PhD in STS
Our doctoral program in STS prepares students to conduct cutting-edge research based in three core practices:
- Scholarly analysis of historical and contemporary cultures of research and innovation.
- Critique of the public policies, social practices, and political-economic institutions that shape, and are shaped by, scientific discovery and technological design.
- Direct participation in collaborative projects that bring about change in the domains of science, medicine, design, and engineering.
Graduates of the STS PhD program go on to research-oriented careers in academia, government, and private institutions. For more about our Alumni, please visit the Alumni page.
Questions about the graduate program should be directed to the Graduate Program Director, Atsushi Akera, at email@example.com or 518-276-2314.
Focal Research Areas
Much of the research in the STS department falls into three broad areas: the environment, technological design, and governance. However, the department has tremendous intellectual diversity. Faculty members come from the traditional disciplines of anthropology, history, political science, sociology, economics, communication, and social psychology, as well as interdisciplinary science and technology studies.
We encourage students to explore and develop diverse and innovative research methods, which may include ethnographic fieldwork, historical and archival research, discourse analysis, policy analysis, participatory design, philosophical argumentation, and other approaches to social inquiry and theory development. In short, the STS department at Rensselaer is a place where graduate students and professors pursue problem-centered research, drawing on diverse theoretical and methodological resources.
STS graduate students often contribute to faculty-led research projects. Recent collaborative projects include Triple Helix, the Asthma Files, the Research Data Alliance, the Watershed Knowledge Mapping Project, and several interactive digital humanities projects.
Summary of Degree Requirements
- Concepts in STS
- Technology Studies
- Science Studies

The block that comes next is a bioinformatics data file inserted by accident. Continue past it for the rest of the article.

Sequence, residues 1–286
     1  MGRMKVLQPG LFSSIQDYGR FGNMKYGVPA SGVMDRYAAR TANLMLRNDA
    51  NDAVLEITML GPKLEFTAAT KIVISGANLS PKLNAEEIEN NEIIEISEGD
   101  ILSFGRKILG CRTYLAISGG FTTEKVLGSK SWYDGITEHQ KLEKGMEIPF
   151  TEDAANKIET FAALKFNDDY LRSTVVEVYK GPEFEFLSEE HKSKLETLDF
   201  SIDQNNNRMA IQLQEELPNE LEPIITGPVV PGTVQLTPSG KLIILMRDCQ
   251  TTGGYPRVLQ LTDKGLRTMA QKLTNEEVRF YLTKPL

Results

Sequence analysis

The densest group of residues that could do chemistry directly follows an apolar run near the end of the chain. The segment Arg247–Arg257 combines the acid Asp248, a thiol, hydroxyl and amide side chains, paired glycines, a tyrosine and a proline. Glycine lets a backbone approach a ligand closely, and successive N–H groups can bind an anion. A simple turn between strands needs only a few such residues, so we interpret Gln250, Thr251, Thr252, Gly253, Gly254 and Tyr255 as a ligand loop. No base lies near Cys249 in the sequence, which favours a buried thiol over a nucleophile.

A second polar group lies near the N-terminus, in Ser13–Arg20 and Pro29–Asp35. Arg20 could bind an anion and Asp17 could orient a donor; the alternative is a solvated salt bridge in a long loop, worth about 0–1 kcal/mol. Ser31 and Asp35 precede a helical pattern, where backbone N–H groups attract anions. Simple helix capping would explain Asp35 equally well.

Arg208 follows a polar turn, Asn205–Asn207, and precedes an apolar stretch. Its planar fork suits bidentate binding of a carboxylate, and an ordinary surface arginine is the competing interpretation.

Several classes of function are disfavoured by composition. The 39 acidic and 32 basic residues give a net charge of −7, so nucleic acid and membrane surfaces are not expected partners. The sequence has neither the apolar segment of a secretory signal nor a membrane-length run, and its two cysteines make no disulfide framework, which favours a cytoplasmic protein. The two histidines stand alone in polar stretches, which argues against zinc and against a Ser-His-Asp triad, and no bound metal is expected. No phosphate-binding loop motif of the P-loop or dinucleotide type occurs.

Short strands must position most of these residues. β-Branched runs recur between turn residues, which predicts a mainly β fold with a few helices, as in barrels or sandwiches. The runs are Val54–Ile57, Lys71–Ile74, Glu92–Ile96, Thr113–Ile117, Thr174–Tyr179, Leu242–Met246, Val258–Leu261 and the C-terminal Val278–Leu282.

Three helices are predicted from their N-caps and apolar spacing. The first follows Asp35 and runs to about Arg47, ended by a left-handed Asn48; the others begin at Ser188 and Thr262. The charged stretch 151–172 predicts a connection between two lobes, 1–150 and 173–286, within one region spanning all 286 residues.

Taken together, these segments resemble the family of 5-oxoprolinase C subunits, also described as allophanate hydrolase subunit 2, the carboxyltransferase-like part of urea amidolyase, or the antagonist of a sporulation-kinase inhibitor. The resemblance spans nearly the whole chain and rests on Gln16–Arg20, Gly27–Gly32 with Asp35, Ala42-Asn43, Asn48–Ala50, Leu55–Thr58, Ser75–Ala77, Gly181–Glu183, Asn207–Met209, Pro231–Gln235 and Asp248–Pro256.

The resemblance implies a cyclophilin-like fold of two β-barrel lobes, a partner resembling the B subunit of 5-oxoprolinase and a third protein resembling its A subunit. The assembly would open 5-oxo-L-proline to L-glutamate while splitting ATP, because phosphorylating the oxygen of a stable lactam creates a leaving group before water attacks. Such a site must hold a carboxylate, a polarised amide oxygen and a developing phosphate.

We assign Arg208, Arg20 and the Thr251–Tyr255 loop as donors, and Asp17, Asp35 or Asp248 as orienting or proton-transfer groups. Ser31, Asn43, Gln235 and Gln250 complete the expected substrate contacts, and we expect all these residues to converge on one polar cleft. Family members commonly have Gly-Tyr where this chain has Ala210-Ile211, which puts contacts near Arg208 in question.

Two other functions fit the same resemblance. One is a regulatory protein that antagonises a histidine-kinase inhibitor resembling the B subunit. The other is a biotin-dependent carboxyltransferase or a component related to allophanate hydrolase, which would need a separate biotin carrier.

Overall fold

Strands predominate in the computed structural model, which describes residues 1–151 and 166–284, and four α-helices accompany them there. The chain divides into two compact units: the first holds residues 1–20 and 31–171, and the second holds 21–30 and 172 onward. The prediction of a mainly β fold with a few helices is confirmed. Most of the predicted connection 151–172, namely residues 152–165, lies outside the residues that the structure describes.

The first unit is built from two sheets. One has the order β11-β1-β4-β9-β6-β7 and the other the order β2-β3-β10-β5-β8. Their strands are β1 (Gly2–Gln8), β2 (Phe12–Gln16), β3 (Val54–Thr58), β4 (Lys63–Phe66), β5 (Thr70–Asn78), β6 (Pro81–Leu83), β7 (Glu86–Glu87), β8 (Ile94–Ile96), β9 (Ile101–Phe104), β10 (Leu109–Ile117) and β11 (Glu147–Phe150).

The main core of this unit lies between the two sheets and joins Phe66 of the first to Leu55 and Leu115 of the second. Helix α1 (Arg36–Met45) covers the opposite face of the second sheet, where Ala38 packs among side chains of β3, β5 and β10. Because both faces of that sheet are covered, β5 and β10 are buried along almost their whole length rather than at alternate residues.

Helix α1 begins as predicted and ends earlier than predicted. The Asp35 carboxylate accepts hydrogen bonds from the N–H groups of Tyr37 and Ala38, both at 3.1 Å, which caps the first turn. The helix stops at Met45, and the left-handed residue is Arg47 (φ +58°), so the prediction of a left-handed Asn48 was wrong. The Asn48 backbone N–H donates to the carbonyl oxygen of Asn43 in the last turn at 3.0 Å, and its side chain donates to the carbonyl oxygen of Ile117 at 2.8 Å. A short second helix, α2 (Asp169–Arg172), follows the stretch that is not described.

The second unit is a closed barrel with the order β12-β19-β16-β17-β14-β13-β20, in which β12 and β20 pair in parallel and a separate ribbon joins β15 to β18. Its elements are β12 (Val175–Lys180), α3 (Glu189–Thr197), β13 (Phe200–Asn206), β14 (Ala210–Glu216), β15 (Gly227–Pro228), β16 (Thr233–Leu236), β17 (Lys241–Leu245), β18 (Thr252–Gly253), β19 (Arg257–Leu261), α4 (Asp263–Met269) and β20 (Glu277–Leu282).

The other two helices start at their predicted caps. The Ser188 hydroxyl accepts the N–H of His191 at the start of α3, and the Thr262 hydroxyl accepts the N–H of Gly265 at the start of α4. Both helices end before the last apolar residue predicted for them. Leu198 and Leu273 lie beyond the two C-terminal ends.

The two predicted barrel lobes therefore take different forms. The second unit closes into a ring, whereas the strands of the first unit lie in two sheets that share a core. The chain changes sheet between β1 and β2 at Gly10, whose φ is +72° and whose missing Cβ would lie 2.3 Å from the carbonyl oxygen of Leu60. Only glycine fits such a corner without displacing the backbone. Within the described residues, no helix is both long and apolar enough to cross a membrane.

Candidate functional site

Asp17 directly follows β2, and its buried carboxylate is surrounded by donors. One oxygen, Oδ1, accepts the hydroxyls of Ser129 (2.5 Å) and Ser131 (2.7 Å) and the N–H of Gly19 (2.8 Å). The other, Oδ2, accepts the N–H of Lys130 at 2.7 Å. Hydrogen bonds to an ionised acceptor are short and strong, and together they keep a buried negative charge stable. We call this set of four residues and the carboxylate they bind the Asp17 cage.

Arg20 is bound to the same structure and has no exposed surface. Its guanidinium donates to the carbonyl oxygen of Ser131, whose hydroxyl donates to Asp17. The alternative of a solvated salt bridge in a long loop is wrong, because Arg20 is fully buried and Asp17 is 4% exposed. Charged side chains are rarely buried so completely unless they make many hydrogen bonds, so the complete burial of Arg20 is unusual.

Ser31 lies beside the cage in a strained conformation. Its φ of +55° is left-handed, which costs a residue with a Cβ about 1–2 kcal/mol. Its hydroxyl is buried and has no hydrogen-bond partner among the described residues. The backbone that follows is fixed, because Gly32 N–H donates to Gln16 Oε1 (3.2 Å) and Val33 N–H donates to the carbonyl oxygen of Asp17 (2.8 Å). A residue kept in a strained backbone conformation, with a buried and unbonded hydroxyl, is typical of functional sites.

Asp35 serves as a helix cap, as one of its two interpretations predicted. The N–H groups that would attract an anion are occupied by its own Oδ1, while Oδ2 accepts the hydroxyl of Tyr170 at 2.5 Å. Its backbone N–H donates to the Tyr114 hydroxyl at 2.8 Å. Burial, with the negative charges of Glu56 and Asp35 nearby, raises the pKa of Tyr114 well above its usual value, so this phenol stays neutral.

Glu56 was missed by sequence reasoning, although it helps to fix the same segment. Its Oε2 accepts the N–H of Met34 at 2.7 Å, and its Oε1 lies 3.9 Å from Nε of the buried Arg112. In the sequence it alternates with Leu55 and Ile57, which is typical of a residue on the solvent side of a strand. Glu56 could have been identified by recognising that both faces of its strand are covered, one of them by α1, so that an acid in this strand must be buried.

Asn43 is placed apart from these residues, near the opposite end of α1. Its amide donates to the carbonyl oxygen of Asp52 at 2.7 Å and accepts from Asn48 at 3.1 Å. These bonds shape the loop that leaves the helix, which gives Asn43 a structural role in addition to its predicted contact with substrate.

- Policy Studies
- One advanced theory course (e.g. Nature of Inquiry; Advanced Contemporary Political Thought; Structuralism, Post-Structuralism and Technoscience; Social Theory; Feminist and Postcolonial Theory)
- One course in advanced research methods (e.g. Advanced Qualitative Methods; Research Design; History and Ethnography; Discourse Analysis)
- Two additional 6000 level STS seminars (typically “topics” courses, such as Design Studies, Engineering Studies, Institutionalist Approaches in STS, Social Movements, Postcolonial STS, and others)
- Additional electives, which may be courses at the 4000- or 6000-level
Students must pass a comprehensive examination (typically after the first or second year of graduate study), which consists of a faculty review of a portfolio of your written work.
Students must also complete and defend a literature review and a dissertation research proposal (typically in the second or third year of graduate study). Then they must complete and defend a piece of original research (the dissertation) in the field of Science and Technology Studies.
Students who enter the program without a master’s degree may earn one along the way to the PhD.
More details about program requirements are provided in the STS Graduate Program Handbook.
Professional Development Opportunities
PhD students have a variety of opportunities to develop skills as STS professionals. Students and faculty present their research-in-progress at a weekly “brown bag,” which provides an opportunity to develop presentation skills and to develop collegial relationships with professors and students at different stages of their work. A colloquium series provides opportunities for professional networking with visiting scholars. The Professional Development Seminar, offered every spring semester, is a course that emphasizes professional writing and publishing. The STS department and the School of Humanities, Arts, and Social Sciences offer a variety of workshops on grant proposal writing, pedagogy, and other topics.
Graduate students contribute to a blog, TechnoScience as if People Mattered. In addition, graduate students participate in department governance by electing representatives to serve on the committee that oversees the program.
Graduate students work as teaching assistants (TAs) for at least part of their time in the PhD program, and this is an important form of professional development for those heading into academic careers. TAs are typically responsible for leading classroom discussions, giving occasional lectures, grading papers and assignments, and holding office hours. Courses that commonly have TAs are Science, Technology and Society, IT and Society, Environment & Politics, and some of the studio courses in the Design, Innovation, and Society Program, among others.